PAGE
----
All I really needed to know about swimming, I learned from two sources: Benjamin Franklin and a popular song. Franklin flew kites, invented stoves and bifocal glasses; he taught himself to read in several languages and helped write the Declaration of Independence. He published his wisdom about many things, so it's no surprise that he wrote about the relationship of the human body to water. Expounding was not enough; he had his students discover that relationship for themselves.
When milk was sold in glass bottles, I used to ask my students, "Which is heavier, cream or milk?" The usual answer was, "Cream." Then I'd ask, "Which is at the top of the bottle?" Of course, the cream rises because milk, although thinner, is heavier than cream. Our bodies, which look heavier than water, are actually lighter. Franklin had his students wade out from shore until they were almost chest- deep. Then he put an egg on the bottom of the lake and asked them to go under and pick it up.
Before they were deep enough to even touch the egg, their feet came off the bottom and their bodies hung, floating, in the water. As soon as they learned to let the water support them, they could concentrate on moving.
Spend some time watching swimmers at a pool, beach or water park; it's full of happy, noisy, splashing people, particularly children, and almost no one is floating, or "float-swimming." In roped-off lanes, the swimmers are moving fast, training for racing or swimming for health and fitness. Many others are splashing the water with arms and legs flailing wildly to support their heavy heads, flopping from side to side above the water to breathe. Heads are heavy, say, 10 to 13 pounds or more, and on one end of the spine. When the head is up, the feet and legs drop low in the water and slow progress. The floundering body makes little progress when the heavy head is not supported by the water. I yearn to yell out, "Relax, rest, slow down! Swim down in the water, not up on top!"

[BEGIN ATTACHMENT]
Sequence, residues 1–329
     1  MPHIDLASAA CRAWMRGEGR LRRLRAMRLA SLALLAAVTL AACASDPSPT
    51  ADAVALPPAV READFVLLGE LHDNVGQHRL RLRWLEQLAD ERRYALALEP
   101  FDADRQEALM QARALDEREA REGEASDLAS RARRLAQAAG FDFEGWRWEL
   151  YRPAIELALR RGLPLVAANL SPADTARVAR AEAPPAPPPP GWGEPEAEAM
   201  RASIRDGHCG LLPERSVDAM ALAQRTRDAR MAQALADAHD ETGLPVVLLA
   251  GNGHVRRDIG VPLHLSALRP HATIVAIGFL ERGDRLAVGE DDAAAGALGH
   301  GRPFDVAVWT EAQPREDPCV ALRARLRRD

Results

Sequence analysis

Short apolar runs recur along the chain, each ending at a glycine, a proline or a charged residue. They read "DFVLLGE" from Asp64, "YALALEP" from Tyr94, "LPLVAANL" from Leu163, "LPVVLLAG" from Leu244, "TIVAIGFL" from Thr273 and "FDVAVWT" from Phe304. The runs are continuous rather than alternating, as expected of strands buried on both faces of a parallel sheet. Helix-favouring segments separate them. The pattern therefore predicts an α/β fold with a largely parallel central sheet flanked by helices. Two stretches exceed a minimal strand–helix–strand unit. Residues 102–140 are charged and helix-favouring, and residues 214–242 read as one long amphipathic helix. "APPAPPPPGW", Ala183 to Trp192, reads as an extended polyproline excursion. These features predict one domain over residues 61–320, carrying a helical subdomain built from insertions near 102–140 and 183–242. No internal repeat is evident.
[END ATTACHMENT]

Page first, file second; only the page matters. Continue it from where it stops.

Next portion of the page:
What makes swimmers move through the water when they are floating? That's where the song comes in! "You've got to Ac-cent-u-ate the positive, E-lim-i-nate the neg-a-tive, and don't mess with Mr. In Between." Propulsion in swimming is a matter of positives and negatives, by arms and legs. For example, when a firm hand reaches forward, takes hold of water and pulls against it, the body moves. That's positive. Then its elbow lifts and most of the arm comes out of the water -- that's negative. We can think of it as "drive," which moves us, and "recovery," which gets us into position for another drive.
When we float on our backs, the water covers both ears and fits around the face like a baby's bonnet. When the body is floating in a forward position, the face and both ears are under water to keep the heavy feet and legs from dragging. When air is to be inhaled, the head -- and body -- can roll slightly in the water to take in air without upsetting the body's buoyancy.
When I still lived at my farm east of Columbia, you could fly over my backyard pool at about 7 o'clock almost any morning and see my face looking up. I was float-swimming. I learned it from Ben Franklin and that old song! Floating is great, especially for us old swimmers, who are not in any hurry!